Comment: A shameful day for Egypt

The lesson won't be forgotten, nor will pictures of the mob attacking the building, entering the embassy, defacing the walls, destroying property.

September 11, 2011 04:02
3 minute read.
anti Israel protest in Egypt

anti Israel protest in Egypt 311. (photo credit: REUTERS)

The tall building at No. 6 Ibn Malek Street on the West Bank of the Nile River is well known to the people of Cairo. The Israeli flag has flown from its 19th floor since it was first raised 30 years ago in a moving ceremony. It was hoped the move would herald a new era of peace with Egypt and with our other neighbors. It did not quite happen like that.

A cold peace and ongoing media incitement threw a pall over the building. Though it has provided a haven for the succeeding teams of Israeli diplomats; though Egyptians and Palestinians came daily to arrange consular matters or receive visas; though foreign ambassadors came to exchange views with their Israeli counterpart, there was a feeling that “something was bound to happen.”

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Something did happen on August 20. The flag was violently taken down by an Egyptian “hero,” thrown to the ground and set on fire while the mob exulted.

The following day the “hero” had become the darling of the press and even received an award from the governor of Giza.

The great country so proud of its magnificent past has now found its modern hero. Not a philosopher or a scientist, not the founder of a start-up company making a successful exit via an initial public offering; not a chess player, not even an athlete. Just a hooligan climbing up the walls to defile the flag of a neighboring country spurred by the shouts of a hanging mob. The attack on the embassy itself a few weeks later shows the mob had understood it had the blessings of the media and of the authorities.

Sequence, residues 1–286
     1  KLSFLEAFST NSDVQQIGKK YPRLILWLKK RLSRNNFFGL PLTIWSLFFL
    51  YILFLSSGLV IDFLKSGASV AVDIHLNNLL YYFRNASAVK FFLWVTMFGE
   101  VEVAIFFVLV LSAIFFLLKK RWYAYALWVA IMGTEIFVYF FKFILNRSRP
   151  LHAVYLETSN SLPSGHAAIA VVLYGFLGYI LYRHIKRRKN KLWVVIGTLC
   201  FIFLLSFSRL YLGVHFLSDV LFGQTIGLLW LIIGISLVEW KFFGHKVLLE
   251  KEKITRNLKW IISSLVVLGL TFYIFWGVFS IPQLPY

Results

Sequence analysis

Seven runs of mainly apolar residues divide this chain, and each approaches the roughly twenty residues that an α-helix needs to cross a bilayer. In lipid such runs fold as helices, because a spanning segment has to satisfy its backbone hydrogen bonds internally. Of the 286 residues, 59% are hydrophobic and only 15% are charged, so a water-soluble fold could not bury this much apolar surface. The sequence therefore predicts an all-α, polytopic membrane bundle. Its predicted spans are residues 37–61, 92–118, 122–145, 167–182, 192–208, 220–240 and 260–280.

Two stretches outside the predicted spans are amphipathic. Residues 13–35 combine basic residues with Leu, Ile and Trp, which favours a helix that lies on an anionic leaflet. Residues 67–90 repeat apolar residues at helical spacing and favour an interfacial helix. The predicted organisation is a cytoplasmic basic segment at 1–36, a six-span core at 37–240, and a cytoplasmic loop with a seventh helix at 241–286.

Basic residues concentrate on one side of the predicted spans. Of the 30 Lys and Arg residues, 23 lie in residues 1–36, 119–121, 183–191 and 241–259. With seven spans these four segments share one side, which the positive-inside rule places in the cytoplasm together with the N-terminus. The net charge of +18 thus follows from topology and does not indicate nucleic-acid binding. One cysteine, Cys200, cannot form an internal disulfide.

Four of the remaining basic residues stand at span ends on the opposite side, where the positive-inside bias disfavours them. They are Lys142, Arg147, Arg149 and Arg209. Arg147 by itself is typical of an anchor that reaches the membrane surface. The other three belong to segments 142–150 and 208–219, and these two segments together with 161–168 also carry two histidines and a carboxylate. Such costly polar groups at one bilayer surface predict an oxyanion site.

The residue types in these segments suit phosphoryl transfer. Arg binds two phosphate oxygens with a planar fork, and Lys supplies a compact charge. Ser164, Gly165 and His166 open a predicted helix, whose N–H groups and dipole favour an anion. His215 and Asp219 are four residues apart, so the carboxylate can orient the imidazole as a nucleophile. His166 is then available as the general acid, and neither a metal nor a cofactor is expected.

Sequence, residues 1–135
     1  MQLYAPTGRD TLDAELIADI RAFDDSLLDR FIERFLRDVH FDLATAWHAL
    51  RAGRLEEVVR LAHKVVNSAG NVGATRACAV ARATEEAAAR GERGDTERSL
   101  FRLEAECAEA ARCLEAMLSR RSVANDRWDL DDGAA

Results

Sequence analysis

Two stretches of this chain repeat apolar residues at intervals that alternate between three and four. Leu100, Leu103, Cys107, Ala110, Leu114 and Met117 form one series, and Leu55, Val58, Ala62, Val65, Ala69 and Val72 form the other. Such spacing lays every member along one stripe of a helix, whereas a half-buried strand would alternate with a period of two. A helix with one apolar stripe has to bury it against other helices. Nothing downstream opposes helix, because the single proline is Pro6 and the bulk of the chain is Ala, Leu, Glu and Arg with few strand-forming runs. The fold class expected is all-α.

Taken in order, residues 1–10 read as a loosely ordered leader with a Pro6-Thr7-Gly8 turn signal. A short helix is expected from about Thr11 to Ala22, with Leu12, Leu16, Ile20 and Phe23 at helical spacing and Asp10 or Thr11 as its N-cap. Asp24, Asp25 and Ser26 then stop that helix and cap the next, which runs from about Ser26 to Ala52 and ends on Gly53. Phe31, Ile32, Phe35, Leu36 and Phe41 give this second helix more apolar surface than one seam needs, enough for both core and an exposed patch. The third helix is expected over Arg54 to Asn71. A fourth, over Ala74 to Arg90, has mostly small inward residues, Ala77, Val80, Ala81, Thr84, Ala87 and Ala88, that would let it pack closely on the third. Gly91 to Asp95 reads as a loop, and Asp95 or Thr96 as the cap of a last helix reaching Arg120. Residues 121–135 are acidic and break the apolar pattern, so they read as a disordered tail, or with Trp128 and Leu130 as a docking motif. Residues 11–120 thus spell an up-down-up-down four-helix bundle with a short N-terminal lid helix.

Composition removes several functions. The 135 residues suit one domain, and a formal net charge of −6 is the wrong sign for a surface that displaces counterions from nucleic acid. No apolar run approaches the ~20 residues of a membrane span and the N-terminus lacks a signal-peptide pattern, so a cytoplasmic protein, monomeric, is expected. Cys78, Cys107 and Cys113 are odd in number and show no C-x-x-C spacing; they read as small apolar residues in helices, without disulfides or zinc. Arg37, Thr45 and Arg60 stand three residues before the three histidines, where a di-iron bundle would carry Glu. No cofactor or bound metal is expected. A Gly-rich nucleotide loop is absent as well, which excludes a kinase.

The whole world saw Egypt could not protect the safety and integrity of a foreign embassy and could not abide by the most elementary rules of international law and respect the treaties to which it is a signatory.

The lesson will not be forgotten, nor will the pictures of the mob attacking the building, getting access to the embassy, defacing the walls, destroying property. Not something to inspire confidence or to encourage tourists to visit at a time when Egypt needs more than ever the understanding and support of the international community for its failing economy.

Egypt finds itself at a crossroads.

Mass demonstrations and the toppling of Hosni Mubarak have brought no breakthrough for the country’s social and economic problems.

The Supreme Military Council ruling the country has been exposed in all its weakness; it has been unable to show the people a road map leading to the drafting of a new constitution, the election of new parliamentary institutions and much needed social and economic reforms.

The situation is going from bad to worse. There were no liberal parties ready to guide the revolution and work for the establishment of a democratic regime able to enforce the respect of human rights and the rights of women, as well as those of the Coptic minority.

Instead, the Muslim Brothers and the ultra-nationalist movements, long repressed by the previous regime, are controlling the street and dictating their will to the army – while each fighting to shape the country their way.

The naïve and fearless youngsters who took to the street on January 25 to demand change and better conditions have lost.

Hatred towards Israel is the only common ground for the deeply divided forces battling for control in Egypt.

Yet today Egypt urgently needs to take care of its economy, to provide work and hope to its hungry masses. To do so it needs stability of the kind that the peace treaty with Israel provides. The two neighboring countries need to cooperate to fight terror groups menacing their lengthy border.

The ongoing dialogue at the higher level has never stopped, and the US is doing its share to help.

Cool heads are needed on both sides of the border to defuse the situation. It may not be easy, but there is no other way.

The writer is a former ambassador to Egypt.

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